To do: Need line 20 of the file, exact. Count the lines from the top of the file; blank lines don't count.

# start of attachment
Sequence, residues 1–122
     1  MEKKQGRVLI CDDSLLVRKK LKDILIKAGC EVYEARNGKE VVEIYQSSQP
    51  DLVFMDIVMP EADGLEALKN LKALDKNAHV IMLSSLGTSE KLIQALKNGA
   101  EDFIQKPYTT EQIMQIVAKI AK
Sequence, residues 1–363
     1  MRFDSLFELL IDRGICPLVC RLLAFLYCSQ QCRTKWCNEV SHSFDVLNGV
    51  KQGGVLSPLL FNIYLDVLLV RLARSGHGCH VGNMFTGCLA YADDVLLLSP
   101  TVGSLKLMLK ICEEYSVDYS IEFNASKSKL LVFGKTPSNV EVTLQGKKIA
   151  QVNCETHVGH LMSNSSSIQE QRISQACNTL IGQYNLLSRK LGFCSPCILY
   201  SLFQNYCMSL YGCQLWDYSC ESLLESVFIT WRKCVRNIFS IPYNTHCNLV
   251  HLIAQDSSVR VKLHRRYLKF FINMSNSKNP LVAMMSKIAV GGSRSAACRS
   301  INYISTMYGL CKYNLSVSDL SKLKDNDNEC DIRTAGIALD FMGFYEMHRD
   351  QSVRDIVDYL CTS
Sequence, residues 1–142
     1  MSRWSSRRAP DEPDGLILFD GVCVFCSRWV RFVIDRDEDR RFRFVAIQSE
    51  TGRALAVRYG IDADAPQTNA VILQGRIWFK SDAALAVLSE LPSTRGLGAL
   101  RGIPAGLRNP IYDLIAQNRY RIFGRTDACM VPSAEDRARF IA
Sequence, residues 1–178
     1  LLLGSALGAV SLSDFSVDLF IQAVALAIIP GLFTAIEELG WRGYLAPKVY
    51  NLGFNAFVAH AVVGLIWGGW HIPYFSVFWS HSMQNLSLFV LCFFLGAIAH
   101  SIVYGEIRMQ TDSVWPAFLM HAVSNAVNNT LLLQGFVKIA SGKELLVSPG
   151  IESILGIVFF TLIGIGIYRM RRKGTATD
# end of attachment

    51  NLGFNAFVAH AVVGLIWGGW HIPYFSVFWS HSMQNLSLFV LCFFLGAIAH